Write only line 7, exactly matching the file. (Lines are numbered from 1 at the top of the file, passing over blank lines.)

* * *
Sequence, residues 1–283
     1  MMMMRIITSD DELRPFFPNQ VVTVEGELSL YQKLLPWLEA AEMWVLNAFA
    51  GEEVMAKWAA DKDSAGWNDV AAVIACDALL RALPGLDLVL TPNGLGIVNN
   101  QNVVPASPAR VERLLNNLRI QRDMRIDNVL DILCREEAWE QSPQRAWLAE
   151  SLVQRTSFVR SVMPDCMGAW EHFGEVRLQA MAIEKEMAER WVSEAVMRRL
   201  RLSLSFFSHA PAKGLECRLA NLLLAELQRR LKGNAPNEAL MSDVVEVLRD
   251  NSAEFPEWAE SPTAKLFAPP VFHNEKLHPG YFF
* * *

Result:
   251  NSAEFPEWAE SPTAKLFAPP VFHNEKLHPG YFF